Clearly the approach of the regulator will depend on the nature of their sector. One regulator in particular, Ofqual, is applying what it describes as a "precautionary" approach to AI, focusing on safety and appropriateness in high-stakes processes, and prioritising stability while remaining open to compliant innovations in AI. Ofqual's response focuses on, among other tenets, ensuring fairness for students and maintaining public confidence. This is perhaps understandable for a regulator that regulates what are, on the whole, tests designed to measure humans' performance, and where the value of these tests is largely based on whether they are viewed and trusted by society as true measures of performance.


As much as regulators can say that they are outcomes focused and technology agnostic, new technology has the potential to alter outcomes significantly, and does often mean that new principles for regulation are needed. To put it simply, not only is the speed limit you need to put in place when people are using horses and carts to travel between cities different to the speed limit you need to put in place when people are using cars, but the principles of the regulation are different. The new technology opened up new possibilities of how efficient travel could be made at higher speeds, but it also created new risks to road users, and new principles of how to balance efficiency and safety were needed.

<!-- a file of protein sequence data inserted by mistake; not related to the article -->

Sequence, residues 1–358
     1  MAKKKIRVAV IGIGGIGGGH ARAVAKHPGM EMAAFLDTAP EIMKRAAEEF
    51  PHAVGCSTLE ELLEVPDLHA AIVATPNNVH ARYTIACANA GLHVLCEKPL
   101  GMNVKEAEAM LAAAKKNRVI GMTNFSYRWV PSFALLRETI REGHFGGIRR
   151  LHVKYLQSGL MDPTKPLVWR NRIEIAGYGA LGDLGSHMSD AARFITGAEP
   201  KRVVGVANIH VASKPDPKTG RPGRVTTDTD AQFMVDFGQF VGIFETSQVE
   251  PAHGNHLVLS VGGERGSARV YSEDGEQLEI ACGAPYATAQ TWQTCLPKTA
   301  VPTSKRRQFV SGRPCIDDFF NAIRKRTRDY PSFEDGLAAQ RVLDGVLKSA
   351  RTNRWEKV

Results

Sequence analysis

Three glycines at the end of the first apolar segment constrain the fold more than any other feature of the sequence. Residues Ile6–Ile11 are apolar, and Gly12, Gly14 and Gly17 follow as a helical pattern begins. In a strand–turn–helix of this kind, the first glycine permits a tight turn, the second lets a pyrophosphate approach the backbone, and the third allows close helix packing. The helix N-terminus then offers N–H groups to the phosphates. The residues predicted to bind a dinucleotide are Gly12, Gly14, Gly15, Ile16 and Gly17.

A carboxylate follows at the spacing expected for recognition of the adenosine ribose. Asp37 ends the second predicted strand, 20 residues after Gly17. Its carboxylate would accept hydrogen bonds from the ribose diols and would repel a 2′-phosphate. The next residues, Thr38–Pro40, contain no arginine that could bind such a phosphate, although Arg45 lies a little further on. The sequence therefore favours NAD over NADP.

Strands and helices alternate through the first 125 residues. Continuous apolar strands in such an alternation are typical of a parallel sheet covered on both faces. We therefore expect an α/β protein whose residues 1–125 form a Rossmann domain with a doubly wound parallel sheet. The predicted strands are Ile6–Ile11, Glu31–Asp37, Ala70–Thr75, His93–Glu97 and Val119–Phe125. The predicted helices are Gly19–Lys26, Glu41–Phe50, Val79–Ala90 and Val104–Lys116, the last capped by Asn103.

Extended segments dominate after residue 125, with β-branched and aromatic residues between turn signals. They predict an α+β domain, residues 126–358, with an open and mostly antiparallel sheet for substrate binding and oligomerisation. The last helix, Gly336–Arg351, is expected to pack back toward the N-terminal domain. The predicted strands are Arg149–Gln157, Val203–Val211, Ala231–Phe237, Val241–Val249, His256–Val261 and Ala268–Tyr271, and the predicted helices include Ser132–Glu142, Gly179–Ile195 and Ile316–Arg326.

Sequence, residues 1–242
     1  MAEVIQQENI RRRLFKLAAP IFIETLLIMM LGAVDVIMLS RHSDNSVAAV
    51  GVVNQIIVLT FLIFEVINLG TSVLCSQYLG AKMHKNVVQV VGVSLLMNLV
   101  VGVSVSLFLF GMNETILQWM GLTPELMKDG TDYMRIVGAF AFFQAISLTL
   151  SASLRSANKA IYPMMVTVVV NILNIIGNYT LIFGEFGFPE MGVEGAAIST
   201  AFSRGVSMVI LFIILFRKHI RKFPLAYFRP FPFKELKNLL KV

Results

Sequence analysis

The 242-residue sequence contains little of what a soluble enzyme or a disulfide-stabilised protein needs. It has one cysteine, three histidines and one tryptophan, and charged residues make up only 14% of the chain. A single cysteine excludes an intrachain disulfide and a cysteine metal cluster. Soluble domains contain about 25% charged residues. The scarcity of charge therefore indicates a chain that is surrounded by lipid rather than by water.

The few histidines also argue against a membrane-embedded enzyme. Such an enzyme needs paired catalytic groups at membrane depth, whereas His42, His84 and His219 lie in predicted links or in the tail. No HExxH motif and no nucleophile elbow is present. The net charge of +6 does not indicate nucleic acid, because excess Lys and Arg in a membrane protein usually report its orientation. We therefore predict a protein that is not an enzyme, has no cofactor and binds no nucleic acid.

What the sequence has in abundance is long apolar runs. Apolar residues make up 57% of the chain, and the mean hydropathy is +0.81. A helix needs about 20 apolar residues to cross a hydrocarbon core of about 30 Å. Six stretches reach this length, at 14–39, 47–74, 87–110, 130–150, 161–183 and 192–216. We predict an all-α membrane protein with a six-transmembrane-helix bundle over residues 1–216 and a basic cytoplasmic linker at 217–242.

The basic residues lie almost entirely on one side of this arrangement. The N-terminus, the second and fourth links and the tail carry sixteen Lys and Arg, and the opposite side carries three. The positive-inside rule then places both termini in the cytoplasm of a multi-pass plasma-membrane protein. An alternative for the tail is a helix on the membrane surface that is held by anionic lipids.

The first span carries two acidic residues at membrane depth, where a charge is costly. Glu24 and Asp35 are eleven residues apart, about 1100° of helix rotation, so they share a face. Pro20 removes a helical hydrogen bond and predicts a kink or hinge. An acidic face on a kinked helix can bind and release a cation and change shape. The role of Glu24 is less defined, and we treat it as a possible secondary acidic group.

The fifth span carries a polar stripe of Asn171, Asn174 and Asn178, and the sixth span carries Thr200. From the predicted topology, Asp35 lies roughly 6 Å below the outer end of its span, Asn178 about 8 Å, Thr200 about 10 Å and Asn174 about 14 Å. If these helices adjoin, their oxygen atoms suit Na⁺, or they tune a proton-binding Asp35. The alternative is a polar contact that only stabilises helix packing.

Regulators are recognising that to an extent. Ofgem understands that deployment of AI in the energy sector is likely to pose novel questions, particularly around supply chain duties, explainability and governance and accountability. The same will no doubt be true in other sectors.

Mapping exercises such as that conducted by Ofgem are clearly useful. For regulators however, it may be the Rumsfeldian unknown unknowns which present the greatest risk. This is why the work engaging with both equivalent regulators internationally and with regulated firms themselves will be key. Regulators need to build up sufficient institutional knowledge and understanding of how AI is likely to be deployed in their area, how it works and what the potential drawbacks are as to make the scope for unknown unknowns as narrow as possible. As well as reducing the scope for unknown unknowns, such engagement is likely to minimise regulatory uncertainty for regulated entities and encourage safe AI exploration, as the ONR notes in its response.  

Practical issues for businesses as a result of these approaches to AI

The first practical issue for a business is to consider the tone of the relevant regulator(s) approach to AI, and to consider whether the firm's own approach to AI is sufficiently aligned. If it is not aligned, organisations should consider whether they need to do further work to align products and projects, and if it is, how to demonstrate that alignment. All regulators have so far been influenced by the government's "pro-innovation" language, but to a greater or lesser extent and, as discussed above, the approach will very much depend on the nature of the sector and the particular risks that arise in that area.